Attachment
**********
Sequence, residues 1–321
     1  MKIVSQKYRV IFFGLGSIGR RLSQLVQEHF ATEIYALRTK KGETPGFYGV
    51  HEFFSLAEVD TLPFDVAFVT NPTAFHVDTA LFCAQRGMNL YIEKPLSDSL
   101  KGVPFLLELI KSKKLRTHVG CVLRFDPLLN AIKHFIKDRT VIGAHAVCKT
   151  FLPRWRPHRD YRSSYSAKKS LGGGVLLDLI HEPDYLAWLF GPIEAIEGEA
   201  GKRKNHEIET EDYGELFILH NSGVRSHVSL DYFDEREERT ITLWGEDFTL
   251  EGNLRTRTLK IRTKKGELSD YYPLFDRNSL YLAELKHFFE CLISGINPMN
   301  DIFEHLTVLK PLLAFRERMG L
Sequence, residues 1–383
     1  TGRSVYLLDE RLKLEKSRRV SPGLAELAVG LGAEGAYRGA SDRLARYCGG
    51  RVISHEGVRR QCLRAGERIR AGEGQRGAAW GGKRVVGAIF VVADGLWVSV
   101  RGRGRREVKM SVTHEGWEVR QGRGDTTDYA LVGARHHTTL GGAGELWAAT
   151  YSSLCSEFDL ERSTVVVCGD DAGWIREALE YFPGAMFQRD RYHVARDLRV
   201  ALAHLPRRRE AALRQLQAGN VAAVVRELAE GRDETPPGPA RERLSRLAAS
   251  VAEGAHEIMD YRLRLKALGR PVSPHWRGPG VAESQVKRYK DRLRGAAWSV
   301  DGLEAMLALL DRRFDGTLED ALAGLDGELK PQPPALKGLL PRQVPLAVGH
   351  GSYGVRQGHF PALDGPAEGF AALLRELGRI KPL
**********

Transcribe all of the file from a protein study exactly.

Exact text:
Sequence, residues 1–321
     1  MKIVSQKYRV IFFGLGSIGR RLSQLVQEHF ATEIYALRTK KGETPGFYGV
    51  HEFFSLAEVD TLPFDVAFVT NPTAFHVDTA LFCAQRGMNL YIEKPLSDSL
   101  KGVPFLLELI KSKKLRTHVG CVLRFDPLLN AIKHFIKDRT VIGAHAVCKT
   151  FLPRWRPHRD YRSSYSAKKS LGGGVLLDLI HEPDYLAWLF GPIEAIEGEA
   201  GKRKNHEIET EDYGELFILH NSGVRSHVSL DYFDEREERT ITLWGEDFTL
   251  EGNLRTRTLK IRTKKGELSD YYPLFDRNSL YLAELKHFFE CLISGINPMN
   301  DIFEHLTVLK PLLAFRERMG L
Sequence, residues 1–383
     1  TGRSVYLLDE RLKLEKSRRV SPGLAELAVG LGAEGAYRGA SDRLARYCGG
    51  RVISHEGVRR QCLRAGERIR AGEGQRGAAW GGKRVVGAIF VVADGLWVSV
   101  RGRGRREVKM SVTHEGWEVR QGRGDTTDYA LVGARHHTTL GGAGELWAAT
   151  YSSLCSEFDL ERSTVVVCGD DAGWIREALE YFPGAMFQRD RYHVARDLRV
   201  ALAHLPRRRE AALRQLQAGN VAAVVRELAE GRDETPPGPA RERLSRLAAS
   251  VAEGAHEIMD YRLRLKALGR PVSPHWRGPG VAESQVKRYK DRLRGAAWSV
   301  DGLEAMLALL DRRFDGTLED ALAGLDGELK PQPPALKGLL PRQVPLAVGH
   351  GSYGVRQGHF PALDGPAEGF AALLRELGRI KPL